Revisionism (Marxism) | Wikipedia audio article

Revisionism (Marxism) | Wikipedia audio article


Within the Marxist movement, the word revisionism
is used to refer to various ideas, principles and theories that are based on a significant
revision of fundamental Marxist premises.The term is most often used by those Marxists
who believe that such revisions are unwarranted and represent a “watering down” or abandonment
of Marxism—one such common example is the negation of class struggle. As such, revisionism
often carries pejorative connotations and the term has been used by many different factions.
It is typically applied to others and rarely as a self-description. By extension, people
who view themselves as fighting against revisionism have often self-identified as anti-revisionists.==History==
The term “revisionism” has been used in a number of contexts to refer to different revisions
(or claimed revisions) of Marxist theory.===19th century===
In the late 19th century, revisionism was used to describe democratic socialist writers
such as Eduard Bernstein, who sought to revise Karl Marx’s ideas about the transition to
socialism and claimed that a revolution through force was not necessary to achieve a socialist
society. The views of Bernstein gave rise to reformist theory, which asserts that socialism
can be achieved through gradual peaceful reforms from within a capitalist system.===1920s and 1930s===
In the 1920s and 1930s, the International Left Opposition led by Leon Trotsky, which
had been expelled from the Communist International, accused the leadership of the Comintern and
Soviet Union of revising the internationalist principles of Marxism and Leninism in favor
of the aspirations of an elite bureaucratic caste which had come to power in the Soviet
Union. The Trotskyists saw the nascent Stalinist bureaucracy as a roadblock on the proletariat’s
path to world socialist revolution and to the shifting policies of the Comintern, they
counterposed the Marxist theory of permanent revolution. Meanwhile, the Soviet authorities
labeled the Trotskyists as “revisionists” and eventually expelled them from the Communist
Party of the Soviet Union, whereupon the Trotskyists founded their Fourth International.===1940s and 1950s===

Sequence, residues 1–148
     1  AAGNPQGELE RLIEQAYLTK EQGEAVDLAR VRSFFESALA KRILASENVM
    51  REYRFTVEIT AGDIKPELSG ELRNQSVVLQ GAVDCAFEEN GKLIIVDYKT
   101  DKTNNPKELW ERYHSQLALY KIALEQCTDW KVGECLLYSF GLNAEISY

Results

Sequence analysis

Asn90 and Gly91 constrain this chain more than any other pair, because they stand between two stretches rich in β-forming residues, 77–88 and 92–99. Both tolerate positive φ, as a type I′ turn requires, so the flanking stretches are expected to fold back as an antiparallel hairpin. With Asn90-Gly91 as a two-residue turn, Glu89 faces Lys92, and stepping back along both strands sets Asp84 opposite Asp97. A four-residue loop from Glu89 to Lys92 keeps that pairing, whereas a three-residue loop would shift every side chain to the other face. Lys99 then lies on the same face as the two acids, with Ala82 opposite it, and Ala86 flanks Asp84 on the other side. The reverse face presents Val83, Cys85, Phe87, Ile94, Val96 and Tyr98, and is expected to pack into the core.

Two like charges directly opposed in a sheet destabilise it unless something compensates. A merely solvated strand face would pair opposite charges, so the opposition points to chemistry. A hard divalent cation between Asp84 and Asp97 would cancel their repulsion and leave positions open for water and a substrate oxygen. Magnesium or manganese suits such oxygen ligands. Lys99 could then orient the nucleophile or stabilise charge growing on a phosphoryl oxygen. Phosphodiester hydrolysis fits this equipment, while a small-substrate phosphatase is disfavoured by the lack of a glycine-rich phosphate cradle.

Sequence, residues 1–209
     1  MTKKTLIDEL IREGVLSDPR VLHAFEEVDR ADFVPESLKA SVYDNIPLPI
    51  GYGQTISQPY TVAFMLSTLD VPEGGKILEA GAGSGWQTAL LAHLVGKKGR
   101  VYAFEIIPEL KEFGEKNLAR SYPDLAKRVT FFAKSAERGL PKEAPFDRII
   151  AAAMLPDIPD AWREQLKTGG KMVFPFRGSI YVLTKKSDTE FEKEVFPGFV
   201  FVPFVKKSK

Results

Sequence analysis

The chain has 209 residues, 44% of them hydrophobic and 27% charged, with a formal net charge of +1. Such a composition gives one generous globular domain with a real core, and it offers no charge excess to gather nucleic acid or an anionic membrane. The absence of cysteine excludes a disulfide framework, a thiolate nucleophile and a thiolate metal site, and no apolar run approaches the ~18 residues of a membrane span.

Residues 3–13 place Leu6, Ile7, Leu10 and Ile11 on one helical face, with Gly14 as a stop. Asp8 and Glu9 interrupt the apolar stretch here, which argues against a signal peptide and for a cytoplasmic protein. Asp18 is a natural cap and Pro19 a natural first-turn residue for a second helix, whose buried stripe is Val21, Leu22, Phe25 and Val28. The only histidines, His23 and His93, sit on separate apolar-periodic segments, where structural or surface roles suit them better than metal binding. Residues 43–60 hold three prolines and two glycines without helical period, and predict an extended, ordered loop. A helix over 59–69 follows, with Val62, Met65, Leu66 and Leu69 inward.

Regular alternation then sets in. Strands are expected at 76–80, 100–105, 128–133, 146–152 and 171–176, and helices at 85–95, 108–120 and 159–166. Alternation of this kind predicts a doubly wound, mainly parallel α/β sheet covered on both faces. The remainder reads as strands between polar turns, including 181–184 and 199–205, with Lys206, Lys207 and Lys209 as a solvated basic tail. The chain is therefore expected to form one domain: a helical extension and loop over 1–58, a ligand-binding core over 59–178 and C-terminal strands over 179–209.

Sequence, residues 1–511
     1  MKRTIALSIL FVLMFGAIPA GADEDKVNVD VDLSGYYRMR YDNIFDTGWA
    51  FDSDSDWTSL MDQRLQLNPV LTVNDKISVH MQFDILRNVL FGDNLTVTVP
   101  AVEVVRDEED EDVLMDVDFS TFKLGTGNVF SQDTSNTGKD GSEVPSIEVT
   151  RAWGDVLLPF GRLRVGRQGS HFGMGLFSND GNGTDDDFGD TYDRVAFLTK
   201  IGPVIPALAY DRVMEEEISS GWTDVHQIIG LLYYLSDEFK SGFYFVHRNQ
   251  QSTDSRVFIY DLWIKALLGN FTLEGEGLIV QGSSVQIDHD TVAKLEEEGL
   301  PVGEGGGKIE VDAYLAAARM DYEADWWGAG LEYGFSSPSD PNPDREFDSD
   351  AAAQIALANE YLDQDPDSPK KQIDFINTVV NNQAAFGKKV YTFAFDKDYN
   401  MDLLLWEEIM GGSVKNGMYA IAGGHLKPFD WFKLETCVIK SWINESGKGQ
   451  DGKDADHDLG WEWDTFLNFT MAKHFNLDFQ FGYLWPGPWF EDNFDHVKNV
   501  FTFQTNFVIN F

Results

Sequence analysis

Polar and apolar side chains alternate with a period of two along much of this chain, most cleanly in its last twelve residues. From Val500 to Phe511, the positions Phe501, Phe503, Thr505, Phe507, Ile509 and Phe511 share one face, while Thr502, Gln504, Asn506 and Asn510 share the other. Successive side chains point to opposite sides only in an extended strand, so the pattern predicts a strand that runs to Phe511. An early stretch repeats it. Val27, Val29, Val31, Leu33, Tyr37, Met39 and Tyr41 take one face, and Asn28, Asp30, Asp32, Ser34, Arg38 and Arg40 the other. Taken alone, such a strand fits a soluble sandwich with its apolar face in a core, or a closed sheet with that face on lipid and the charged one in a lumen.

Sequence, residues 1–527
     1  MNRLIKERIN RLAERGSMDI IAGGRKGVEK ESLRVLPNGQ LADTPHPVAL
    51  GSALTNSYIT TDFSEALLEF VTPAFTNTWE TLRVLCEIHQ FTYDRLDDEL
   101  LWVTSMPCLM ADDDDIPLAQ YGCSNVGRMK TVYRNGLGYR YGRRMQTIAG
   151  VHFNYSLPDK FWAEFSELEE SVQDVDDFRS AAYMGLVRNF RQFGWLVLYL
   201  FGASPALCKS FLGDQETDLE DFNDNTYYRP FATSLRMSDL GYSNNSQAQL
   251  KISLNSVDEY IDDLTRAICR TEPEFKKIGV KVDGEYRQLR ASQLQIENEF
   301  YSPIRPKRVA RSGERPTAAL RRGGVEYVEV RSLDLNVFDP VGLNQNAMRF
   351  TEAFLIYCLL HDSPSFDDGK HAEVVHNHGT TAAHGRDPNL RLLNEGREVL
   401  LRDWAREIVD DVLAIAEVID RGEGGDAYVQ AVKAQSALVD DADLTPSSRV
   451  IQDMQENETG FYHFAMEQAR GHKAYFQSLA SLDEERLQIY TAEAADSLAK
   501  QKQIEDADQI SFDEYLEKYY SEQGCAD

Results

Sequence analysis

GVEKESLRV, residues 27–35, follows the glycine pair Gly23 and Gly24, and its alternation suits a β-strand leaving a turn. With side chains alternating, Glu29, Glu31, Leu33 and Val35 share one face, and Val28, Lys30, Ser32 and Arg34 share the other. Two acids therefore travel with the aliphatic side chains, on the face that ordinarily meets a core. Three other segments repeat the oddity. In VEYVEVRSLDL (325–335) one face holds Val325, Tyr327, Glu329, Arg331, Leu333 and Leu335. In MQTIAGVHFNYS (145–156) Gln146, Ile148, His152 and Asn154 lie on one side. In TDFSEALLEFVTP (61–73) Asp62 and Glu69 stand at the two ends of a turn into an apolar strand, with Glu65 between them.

In the 1940s and 1950s within the international communist movement, revisionism was a term
used by Marxist-Leninists to describe communists who focused on consumer goods production instead
of heavy industry; accepted national differences instead of promoting proletarian internationalism;
and encouraged liberal reforms instead of remaining faithful to established doctrine.
Revisionism was also one of the charges leveled at Titoists as punishment for their pursuit
of a relatively independent communist ideology, amidst a series of post-World War II purges
beginning in 1949 in Eastern Europe by the Soviet administration under Stalin. After
Stalin’s death, a more democratic form of socialism briefly became acceptable in Hungary
during Imre Nagy’s government (1953–1955) and in Poland during Władysław Gomułka’s
government, containing ideas that the rest of the Soviet bloc and the Soviet Union itself
variously considered revisionist, although neither Nagy nor Gomułka described themselves
as revisionists, since to do so would have been self-deprecating.
After the 1956 Secret Speech that denounced Stalin, many communist activists, astounded
and disheartened by what they saw as the betrayal of Marxist–Leninist principles by the very
people who had founded them, resigned from western communist parties in protest. These
quitters were sometimes accused of revisionism by those communists who remained in these
parties, although some of these same loyalists also shortly thereafter split from the same
communist parties in the 1960s to become the New Left indicating that they too were disillusioned
by the actions of the Soviet Union by that point in time. Most of those who left in the
1960s started aligning themselves with Mao Zedong as opposed to the Soviet Union. An
example was E. P. Thompson’s New Reasoner.===1960s===
In the early 1960s, Mao Zedong and the Communist Party of China revived the term revisionism
(Chinese: 修正主义 xiūzhèng zhǔyì, “doctrine correction”) to attack Nikita Khrushchev
and the Soviet Union over various ideological and political issues, as part of the Sino-Soviet
split. The Chinese routinely described the Soviets as “modern revisionists” through the
1960s. This usage was copied by the various Maoist groups that split off from communist
parties around the world. In 1978, the Sino-Albanian split occurred, which caused Enver Hoxha,
the General Secretary of Albania, to also condemn Maoism as revisionist. This caused
a split in the Maoist movement, with some following the Albanian Party of Labour’s line,
most notably the Communist Party of New Zealand and the Communist Party of Canada (Marxist–Leninist).==See also==
Eurocommunism Left communism
Opportunism Deng Xiaoping Theory
Khrushchevism==References==

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